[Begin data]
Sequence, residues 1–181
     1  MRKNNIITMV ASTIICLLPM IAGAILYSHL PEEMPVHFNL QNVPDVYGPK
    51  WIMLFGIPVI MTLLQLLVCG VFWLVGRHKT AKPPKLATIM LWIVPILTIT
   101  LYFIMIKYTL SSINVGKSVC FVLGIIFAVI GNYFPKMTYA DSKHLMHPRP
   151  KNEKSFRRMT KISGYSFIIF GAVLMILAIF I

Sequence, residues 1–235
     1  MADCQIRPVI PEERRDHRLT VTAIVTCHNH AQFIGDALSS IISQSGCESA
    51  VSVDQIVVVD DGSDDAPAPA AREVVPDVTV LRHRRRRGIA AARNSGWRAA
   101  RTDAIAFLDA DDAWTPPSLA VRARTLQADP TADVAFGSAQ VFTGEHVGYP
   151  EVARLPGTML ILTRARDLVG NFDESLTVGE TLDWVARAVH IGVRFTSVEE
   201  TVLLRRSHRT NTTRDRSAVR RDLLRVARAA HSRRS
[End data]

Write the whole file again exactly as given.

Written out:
Sequence, residues 1–181
     1  MRKNNIITMV ASTIICLLPM IAGAILYSHL PEEMPVHFNL QNVPDVYGPK
    51  WIMLFGIPVI MTLLQLLVCG VFWLVGRHKT AKPPKLATIM LWIVPILTIT
   101  LYFIMIKYTL SSINVGKSVC FVLGIIFAVI GNYFPKMTYA DSKHLMHPRP
   151  KNEKSFRRMT KISGYSFIIF GAVLMILAIF I

Sequence, residues 1–235
     1  MADCQIRPVI PEERRDHRLT VTAIVTCHNH AQFIGDALSS IISQSGCESA
    51  VSVDQIVVVD DGSDDAPAPA AREVVPDVTV LRHRRRRGIA AARNSGWRAA
   101  RTDAIAFLDA DDAWTPPSLA VRARTLQADP TADVAFGSAQ VFTGEHVGYP
   151  EVARLPGTML ILTRARDLVG NFDESLTVGE TLDWVARAVH IGVRFTSVEE
   201  TVLLRRSHRT NTTRDRSAVR RDLLRVARAA HSRRS